“Music is the literature of the heart; it commences where speech ends.”
Alphonse de Lamartine
iHeartMedia filed for an IPO this week on Wednesday (April 3), enlisting Goldman Sachs and Morgan Stanley as its underwriters. The company recently laid out a bankruptcy reorganization plan months ago after accumulating more than $20 billion in debt and filing for Chapter 11 bankruptcy last year. The maximum aggregate offering is priced temporarily at $100 million, and the company expects to use the net proceeds from the offering to pay off its debt.
In a recent report by the IFPI, global recorded music revenues increased by 9.7% in 2018 to $19.1 billion. This is the fourth consecutive year of growth, according to the report, and paid streaming made up 37% of the recorded music revenues last year. As a result, total streaming revenues grew by 34%, while physical revenue decreased by 10.1%. Latin America and the Asia and Australasia region showed strong growth, especially in countries like Brazil, Mexico, and South Korea.
And lastly, YouTube Music added a slate of new, emerging artists to its Foundry development program, which provides artists marketing tools and training sessions to grow their presence on the platform. Artists like psych-soul guitarist Omar Apollo and Chicago singer and rapper Ann Marie were added to the roster. The program, which started in 2016, began as a series of workshops and content creation sessions at YouTube Spaces in LA, NY, and London, and it has previously helped artists like Jacob Collier and Grammy winner Dua Lipa.
Now, the details...
Compiled by Heidi Seo
Exploration Weekly - April 05, 2019
Last year, iHeartMedia filed for Chapter 11 bankruptcy after accumulating more than $20 billion in debt. Now, the company has filed for an initial public offering on Wednesday April 3, underwritten by Goldman Sachs and Morgan Stanley, with a maximum aggregate offering priced temporarily at $100 million. Trading in pink sheets, iHeartMedia has not yet disclosed a set number of shares it is offering nor a set price range, but the company did state that it would have two classes of shares, according to its IPO Form S-1 registration statement listing Class “A” common shares. iHeartMedia owns and operates more than 850 radio stations, as well as its own streaming radio and music service claiming over 100 million users. The company plans to use the net proceeds from the offering to pay off its debt. Under the terms of the bankruptcy reorganization plan that was approved in January, iHeartMedia must undergo an intensive restructuring of its balance sheet and fully separate the Clear Channel Outdoor Holdings business as its own independent public company. Chairman and CEO Bob Pittman and president, COO and CFO Rich Bressler also extended their contracts in January by four years.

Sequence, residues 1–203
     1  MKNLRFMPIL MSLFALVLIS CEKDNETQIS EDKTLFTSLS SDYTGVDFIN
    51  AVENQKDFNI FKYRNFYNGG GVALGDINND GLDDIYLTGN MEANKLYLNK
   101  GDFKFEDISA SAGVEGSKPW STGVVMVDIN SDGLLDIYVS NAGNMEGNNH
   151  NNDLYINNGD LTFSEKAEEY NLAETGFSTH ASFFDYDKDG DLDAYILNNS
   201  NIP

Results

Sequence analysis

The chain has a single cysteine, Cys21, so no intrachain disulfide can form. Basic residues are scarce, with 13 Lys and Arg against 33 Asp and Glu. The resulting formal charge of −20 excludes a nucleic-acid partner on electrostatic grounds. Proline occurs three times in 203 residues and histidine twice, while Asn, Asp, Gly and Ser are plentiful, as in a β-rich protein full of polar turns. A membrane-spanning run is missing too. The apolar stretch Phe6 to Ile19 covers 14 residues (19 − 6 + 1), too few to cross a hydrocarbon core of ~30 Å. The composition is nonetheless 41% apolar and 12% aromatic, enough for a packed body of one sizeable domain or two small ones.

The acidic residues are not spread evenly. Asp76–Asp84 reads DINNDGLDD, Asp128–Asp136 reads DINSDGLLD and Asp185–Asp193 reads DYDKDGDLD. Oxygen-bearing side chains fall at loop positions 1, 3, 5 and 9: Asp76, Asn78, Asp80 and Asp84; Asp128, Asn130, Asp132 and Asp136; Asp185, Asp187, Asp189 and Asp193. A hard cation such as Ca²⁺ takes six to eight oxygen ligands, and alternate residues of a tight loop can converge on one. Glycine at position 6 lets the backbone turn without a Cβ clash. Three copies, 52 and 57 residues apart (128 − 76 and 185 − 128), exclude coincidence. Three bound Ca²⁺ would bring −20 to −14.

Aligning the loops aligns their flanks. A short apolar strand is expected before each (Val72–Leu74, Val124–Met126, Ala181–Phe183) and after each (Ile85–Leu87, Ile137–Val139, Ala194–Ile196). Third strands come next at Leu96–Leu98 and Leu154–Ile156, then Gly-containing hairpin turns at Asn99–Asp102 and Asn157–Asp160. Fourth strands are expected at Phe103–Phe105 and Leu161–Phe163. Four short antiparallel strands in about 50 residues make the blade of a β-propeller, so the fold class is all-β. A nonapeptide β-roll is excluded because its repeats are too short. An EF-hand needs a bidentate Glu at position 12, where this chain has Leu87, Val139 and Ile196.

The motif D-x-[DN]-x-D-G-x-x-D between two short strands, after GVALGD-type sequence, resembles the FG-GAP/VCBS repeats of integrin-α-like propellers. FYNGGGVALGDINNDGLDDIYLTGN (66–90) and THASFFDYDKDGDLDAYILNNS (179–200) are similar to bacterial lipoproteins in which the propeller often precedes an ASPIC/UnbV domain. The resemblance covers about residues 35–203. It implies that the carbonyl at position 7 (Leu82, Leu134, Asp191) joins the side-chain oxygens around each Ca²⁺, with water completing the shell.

According to figures released on April 2 by the IFPI, the organization that represents the global recorded music industry, around 255 million people worldwide were paying for a subscription to a music streaming service at the end of 2018, which is up by 32.9% from 2017. Paid streaming, in fact, drove global music market growth of 9.7% in 2018, to $19.1 billion. The IFPI Global Music Report 2019 continued by stating that last year marked the global recorded music market’s fourth consecutive year of growth, and paid streaming accounted for 37% of total global recorded music revenue in 2018. Total streaming revenue, as a result, grew by 34% and accounted for almost half (47%) of all global revenue. On the other hand, physical revenue was down 10.1%, and download revenue declined 21.2%. Latin America was the fastest-growing region (+16.8%) with Brazil and Mexico growing strongly. The Asia and Australasia region (+11.7%) grew to become the second-largest region for combined physical and digital revenue, with especially strong growth in South Korea. North America grew by double digits again, increasing by 14%, slightly lower than in 2017, which saw growth of 17.1%.
With the addition of 11 new artists to its Foundry development program, YouTube Music is continuing to support independent acts with a plan to add more artists later this year. The company not only provides these artists with marketing promotion, but they also receive training in best practices for growing and engaging their audience on the platform. Foundry began in 2016 as a series of workshops and content creation sessions at YouTube Spaces in LA, NY, and London, in order to provide artists tools to grow their presence on YouTube. New artists include midwestern psych-soul guitarist Omar Apollo, Chicago singer and rapper Ann Marie, and more. Those who have already benefited from the program include Grammy winner Dua Lipa. SoundCloud has a similar emerging artist initiative called “First on SoundCloud” with six artists to receive support across its apps, playlists, social feeds, newsletters, as well as social and out of home advertising. Spotify also has the RISE program, which backs artists with promo on its owned and operated playlists, editorial channels, short form documentary films, and original recording sessions.